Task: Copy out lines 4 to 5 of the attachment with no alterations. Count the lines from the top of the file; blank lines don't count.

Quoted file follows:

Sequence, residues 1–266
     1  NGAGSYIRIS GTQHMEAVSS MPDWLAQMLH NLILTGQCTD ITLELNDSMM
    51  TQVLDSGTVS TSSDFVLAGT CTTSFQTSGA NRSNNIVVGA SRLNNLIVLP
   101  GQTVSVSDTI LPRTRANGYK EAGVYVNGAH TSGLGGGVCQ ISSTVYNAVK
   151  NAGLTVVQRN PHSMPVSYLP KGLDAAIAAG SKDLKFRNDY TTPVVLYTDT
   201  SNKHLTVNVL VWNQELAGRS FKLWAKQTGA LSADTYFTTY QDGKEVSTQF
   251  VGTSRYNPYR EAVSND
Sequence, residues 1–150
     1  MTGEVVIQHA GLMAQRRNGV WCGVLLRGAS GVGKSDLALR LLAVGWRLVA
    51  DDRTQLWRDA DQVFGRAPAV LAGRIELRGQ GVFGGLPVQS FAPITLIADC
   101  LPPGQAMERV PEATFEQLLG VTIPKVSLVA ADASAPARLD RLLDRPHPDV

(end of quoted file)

   101  GQTVSVSDTI LPRTRANGYK EAGVYVNGAH TSGLGGGVCQ ISSTVYNAVK
   151  NAGLTVVQRN PHSMPVSYLP KGLDAAIAAG SKDLKFRNDY TTPVVLYTDT